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Growing Old Gay or Transgender: Report Outlines Challenges
03/22/2013   Reported By: Samantha Fields

Aging, for anyone, can be complicated and fraught with challenges and fears. A new report out today finds that for those who are gay, lesbian, bisexual or transgender there are often added issues that go hand in hand with growing older - issues AARP Maine, and a national group called SAGE - Services and Advocacy for GLBT Elders say it's now time to address. Samantha Fields has more.

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In some ways, the issues facing gay, lesbian, bisexual and transgender people as they age are not so different from those facing their heterosexual counterparts: isolation, vulnerability, the challenge of finding the right home caregiver or long-term care facility.

But Dr. Erica Magnus, who volunteers with the AARP, says that there are added challenges that are unique to those who are gay or transgender.

"Life is very different if you are a 77-year-old lesbian who has been told she cannot hold her partner's hand in a nursing home because it offended somebody. Life is very different if you are afraid of your own caregiver," Magnus says. "It is troubling to know that people who may have struggled with their GLBT identities throughout their lives could be victimized in any caregiving situation."

AARP Maine spent much of 2012 conducting what it calls a "needs assessment," to get a better understanding of the specific issues affecting older GLBT people and their families, in areas ranging from health care and personal safety, to social services and social well-being.

While the results varied based on age, identity and where people lived, there was one common thread: older GLBT adults are at greater risk of isolation and discrimination, particularly in more rural or conservative communities.

Magnus says some of the experiences people reported back - of abuse and neglect by health care providers, or being denied the right to visit their partners - terrified her on a personal level.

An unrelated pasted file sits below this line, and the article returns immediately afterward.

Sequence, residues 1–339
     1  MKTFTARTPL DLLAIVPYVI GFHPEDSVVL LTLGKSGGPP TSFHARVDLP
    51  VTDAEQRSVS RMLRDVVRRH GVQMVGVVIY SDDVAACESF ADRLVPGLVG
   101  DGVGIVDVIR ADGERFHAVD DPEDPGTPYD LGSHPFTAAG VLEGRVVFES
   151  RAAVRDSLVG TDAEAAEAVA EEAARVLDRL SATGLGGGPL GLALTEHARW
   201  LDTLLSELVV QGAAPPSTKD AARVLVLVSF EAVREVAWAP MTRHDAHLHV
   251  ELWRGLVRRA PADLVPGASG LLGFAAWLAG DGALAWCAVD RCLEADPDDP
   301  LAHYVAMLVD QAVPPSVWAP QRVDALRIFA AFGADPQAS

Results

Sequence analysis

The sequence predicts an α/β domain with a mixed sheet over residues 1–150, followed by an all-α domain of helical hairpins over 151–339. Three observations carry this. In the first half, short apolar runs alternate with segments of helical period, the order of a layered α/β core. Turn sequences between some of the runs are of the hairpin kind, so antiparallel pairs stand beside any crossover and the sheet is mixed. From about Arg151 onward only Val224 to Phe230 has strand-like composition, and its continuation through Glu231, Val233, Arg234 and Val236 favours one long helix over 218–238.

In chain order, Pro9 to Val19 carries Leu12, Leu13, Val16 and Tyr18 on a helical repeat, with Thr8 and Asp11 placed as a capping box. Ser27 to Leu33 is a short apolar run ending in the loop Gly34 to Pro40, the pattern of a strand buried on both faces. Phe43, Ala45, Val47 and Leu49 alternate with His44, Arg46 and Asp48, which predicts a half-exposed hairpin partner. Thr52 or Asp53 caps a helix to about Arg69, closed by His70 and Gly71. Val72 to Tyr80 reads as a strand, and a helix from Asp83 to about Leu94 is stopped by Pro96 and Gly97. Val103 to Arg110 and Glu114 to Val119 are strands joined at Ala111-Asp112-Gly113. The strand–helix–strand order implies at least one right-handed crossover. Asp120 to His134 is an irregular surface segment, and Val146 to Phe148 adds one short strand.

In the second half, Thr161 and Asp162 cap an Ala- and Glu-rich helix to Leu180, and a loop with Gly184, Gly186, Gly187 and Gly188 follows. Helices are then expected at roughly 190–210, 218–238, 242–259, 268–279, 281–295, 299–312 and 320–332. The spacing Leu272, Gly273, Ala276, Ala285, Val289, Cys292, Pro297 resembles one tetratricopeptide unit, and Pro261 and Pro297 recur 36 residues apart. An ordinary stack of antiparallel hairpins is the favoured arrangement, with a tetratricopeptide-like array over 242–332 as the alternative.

"I have been gay my entire life. My partner, who has been by my side for 25 years, and I got married this last year," she says. "The idea of being told I cannot hold her hand is unthinkable. The idea of living in fear of being 'discovered' as a gay couple is unacceptable."

And it's something John Hennessy, of AARP Maine, says the organization is now aiming to address head on, by bringing a chapter of SAGE - or Services and Advocacy for GLBT Elders - to Maine.

"Through a Maine SAGE chapter, and focused collaboration with community leaders and policy experts, the culture of GLBT aging is about to be transformed," he says.

To make that happen, he says, there are four main goals: Create a network of health-care providers who are knowledgeable and supportive of GLBT aging issues; train staff at long-term care facilities; assist people who experience harassment or assault; and create opportunities for social support and activities to help reduce isolation and depression.

Doug Kimmel, who founded SAGE in his New York City apartment 30 years ago, says training for caregivers is paramount.

"And whatever their particular religious values are, whatever their particular personal feelings are, about gay, lesbian bisexual and transgender people, they are professionals first and foremost," Kimmel says. "And so we expect to work with the Area Agencies on Aging, and all of the healthcare facilities, to do trainings so that people will provide the kind of services that gay, lesbian, bisexual and transgender people in Maine deserve."

Hennessy, of the AARP, says this is particularly important in Maine right now because it's the oldest state in the nation - and because baby boomers - the first generation to really be out - are aging.

"These boomers will not go back into the closet. They shouldn't have to," he says. "But the fear of having to do that is very real. And we know that that is unhealthy for people."

With South Portland and Portland becoming increasingly popular among gay couples, and with gay marriage now legal in Maine, Hennessy says the time has come to make sure gay and transgender people have the resources and support they need to age with dignity.


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